Maximilian Busser and Friends have created yet another horological masterpiece! Although, some do question his designs and if he’s lost the plot with some of his more farfetched and simply un-wearable timepieces but Max answered these critics when he introduced the more conservative and conventional LM1 – albeit with his touch of artistic edge.
Max first introduced the Legacy Machine No.1 in 2011, which featured dual time zone, vertical power reserve and a suspended balance wheel – with a more traditional design. This was made to answer the question of what type of timepiece Max Busser would’ve created if he was born 100 years earlier? The MB&F Legacy Machine No.2 is the follow-up to this exact same question but going back even further by 250 years or so – to the times of horological legends of the 18th century: Abraham-Louis Breguet (1747– 1823), Ferdinand Berthoud (1727– 1807) and Antide Janvier (1751– 1835).
So, what exactly is this LM2? The MB&F Legacy Machine No.2 is in honour of those gentlemen mentioned above, as they all constructed clocks and watches with two balances. However, it wasn’t until 1996 that independent watchmaker Philippe Dufour introduced the dual regulator technology, that featured two balances joined by a differential that takes readings from the two escapements and averages it out to give the watch a better time accuracy.
While superficially Legacy Machine No. 2 may look like a traditional round watch, its three-dimensional architecture offers visual treats on multiple levels. Slightly raised above the surface is the white hour-minute sub dial, which contrasts superbly with the bright blued 18k gold hands.
The planetary differential at 6 o’clock also sits proud of the surface, supported by a double arc mirror-polished bridge inset with three large jewels. Suspended above both the sub dial and the differential are the two oscillating bespoke balance wheels. The dual balances feature Breguet overcoils, inset with four fully functional timing screws. The two balances are mirror images of each other so that they react differently to different forces. The distance between the balance wheels has been carefully and deliberately calculated to avoid resonance, as this would negatively interfere with regulation.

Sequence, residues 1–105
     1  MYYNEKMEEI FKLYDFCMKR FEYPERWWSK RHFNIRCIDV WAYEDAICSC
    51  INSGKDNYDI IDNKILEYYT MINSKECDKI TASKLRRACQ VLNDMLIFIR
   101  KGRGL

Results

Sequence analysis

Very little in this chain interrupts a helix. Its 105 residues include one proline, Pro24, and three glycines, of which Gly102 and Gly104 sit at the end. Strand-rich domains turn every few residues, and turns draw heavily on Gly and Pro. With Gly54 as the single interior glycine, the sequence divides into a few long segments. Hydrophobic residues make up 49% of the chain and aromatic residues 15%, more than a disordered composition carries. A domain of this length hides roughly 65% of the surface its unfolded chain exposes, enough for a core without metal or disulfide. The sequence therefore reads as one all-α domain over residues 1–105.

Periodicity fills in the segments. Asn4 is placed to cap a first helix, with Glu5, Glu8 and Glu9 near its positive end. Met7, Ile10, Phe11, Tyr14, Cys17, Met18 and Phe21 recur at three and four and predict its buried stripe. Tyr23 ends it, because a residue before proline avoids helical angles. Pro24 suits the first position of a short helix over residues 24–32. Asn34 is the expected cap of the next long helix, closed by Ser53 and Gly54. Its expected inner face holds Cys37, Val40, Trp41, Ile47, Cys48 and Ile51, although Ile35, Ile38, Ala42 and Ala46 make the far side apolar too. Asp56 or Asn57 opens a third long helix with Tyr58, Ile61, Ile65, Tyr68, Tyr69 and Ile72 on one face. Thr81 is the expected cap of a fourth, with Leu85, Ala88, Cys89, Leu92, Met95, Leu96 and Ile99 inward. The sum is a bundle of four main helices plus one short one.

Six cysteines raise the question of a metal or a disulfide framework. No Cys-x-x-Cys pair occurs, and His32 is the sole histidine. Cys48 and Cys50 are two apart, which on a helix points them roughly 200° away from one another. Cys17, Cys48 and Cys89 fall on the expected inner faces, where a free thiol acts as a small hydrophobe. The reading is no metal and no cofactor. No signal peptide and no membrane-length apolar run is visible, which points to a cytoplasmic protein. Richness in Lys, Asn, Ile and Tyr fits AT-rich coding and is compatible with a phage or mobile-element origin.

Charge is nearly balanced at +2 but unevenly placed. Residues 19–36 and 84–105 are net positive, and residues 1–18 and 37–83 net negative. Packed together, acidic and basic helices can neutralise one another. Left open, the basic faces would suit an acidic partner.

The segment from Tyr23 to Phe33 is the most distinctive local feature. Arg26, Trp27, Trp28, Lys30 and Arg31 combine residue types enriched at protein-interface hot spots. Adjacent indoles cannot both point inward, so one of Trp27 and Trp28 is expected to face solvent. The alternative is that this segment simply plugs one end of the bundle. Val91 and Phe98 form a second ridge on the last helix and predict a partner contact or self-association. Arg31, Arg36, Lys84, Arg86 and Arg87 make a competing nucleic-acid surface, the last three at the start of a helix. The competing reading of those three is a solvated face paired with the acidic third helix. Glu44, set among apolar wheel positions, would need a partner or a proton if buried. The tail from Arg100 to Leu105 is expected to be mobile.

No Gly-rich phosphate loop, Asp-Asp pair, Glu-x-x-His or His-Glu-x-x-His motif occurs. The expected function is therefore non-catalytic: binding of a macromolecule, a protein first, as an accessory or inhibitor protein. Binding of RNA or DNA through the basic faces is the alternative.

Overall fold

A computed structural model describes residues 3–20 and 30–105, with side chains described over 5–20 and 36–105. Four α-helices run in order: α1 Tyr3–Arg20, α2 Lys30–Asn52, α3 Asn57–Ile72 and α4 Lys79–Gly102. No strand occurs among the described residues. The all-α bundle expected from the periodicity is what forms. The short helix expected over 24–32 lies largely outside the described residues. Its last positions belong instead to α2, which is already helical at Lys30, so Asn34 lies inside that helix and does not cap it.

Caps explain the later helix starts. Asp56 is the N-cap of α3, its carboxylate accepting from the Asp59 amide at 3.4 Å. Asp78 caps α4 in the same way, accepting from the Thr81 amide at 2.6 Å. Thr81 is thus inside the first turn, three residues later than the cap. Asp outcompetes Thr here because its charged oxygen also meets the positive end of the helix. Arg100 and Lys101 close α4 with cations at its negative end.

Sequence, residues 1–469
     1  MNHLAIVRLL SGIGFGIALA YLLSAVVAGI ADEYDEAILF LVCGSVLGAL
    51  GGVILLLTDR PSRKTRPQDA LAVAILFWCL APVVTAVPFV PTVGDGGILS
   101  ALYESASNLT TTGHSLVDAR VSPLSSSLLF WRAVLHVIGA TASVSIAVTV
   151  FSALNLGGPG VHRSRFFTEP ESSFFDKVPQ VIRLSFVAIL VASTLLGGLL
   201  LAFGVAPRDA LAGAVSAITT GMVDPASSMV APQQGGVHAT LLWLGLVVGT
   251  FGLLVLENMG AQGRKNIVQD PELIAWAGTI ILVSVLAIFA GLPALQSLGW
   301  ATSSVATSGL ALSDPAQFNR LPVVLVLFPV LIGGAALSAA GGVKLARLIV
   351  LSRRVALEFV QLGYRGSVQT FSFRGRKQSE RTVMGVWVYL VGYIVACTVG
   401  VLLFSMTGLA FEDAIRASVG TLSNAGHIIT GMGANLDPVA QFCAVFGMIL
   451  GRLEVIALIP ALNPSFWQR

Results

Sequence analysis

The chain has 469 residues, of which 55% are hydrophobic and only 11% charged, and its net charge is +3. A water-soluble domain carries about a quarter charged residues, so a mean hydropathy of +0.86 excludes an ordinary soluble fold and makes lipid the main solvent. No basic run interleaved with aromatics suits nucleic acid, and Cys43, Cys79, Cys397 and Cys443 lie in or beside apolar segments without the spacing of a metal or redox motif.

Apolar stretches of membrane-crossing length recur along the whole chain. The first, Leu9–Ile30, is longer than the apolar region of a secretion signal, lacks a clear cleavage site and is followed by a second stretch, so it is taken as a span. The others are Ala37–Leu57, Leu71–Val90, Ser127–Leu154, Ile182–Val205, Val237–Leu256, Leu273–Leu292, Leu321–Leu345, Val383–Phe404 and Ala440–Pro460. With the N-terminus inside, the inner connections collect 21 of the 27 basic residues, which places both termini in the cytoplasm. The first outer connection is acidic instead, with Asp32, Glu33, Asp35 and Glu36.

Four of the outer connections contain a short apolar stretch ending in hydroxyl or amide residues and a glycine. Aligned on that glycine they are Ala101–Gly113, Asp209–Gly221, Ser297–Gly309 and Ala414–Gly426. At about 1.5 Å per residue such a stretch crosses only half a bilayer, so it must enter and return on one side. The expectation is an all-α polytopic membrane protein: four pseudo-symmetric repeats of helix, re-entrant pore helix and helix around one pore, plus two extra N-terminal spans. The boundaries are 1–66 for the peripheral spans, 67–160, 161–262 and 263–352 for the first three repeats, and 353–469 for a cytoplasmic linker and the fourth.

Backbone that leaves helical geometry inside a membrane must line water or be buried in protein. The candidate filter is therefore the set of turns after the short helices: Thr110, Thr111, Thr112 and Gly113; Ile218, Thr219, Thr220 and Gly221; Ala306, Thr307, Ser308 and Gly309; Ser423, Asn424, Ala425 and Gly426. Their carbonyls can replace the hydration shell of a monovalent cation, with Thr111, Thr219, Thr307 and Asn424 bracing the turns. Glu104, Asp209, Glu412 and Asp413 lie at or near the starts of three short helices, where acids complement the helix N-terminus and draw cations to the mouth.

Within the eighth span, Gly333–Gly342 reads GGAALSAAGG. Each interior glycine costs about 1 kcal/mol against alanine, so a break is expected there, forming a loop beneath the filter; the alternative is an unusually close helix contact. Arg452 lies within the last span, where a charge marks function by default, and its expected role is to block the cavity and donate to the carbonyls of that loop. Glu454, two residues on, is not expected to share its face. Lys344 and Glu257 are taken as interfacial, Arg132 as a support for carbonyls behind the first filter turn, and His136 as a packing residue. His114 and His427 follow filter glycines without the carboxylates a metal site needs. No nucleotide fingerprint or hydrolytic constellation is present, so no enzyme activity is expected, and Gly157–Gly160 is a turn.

Independent master watchmaker Kari Voutilainen, who was also involved in the MB&F Legacy No.1, assumed responsibility for ensuring the historical accuracy of the style and finishing of the Legacy Machine No. 2 movement.
On the back of the movement, over-sized ruby jewels set in highly polished countersunk gold chatons provide striking visual counterpoints to the Geneva waves traversing the curved bridges.
While providing historical links with the large jewels seen in high-grade antique pocket watch movements, the ruby bearings have a practical application in reducing wear by accommodating large diameter pinions and holding more lubricating oil.
Although we haven’t handled the MB&F Legacy No.2 as yet, we’re pretty convinced fans of the haute horlogerie brand will be pleased with this new offering. We still remain fans of the more outlandish Horological Machines but the LM2 does have a more wearable factor to it with the case measuring 44mm x 20mm high.
The MB&F Legacy Machine No.2 is available in rose gold and white gold for CHF 138,000. There will also be a limited edition platinum LM2 with blue dial (limited to 18 pieces) which will be sold at CHF 168,000. For more information on the LM2 visit the official MB&F website.
Feature Photo by Eduard Osipov for WatchAnish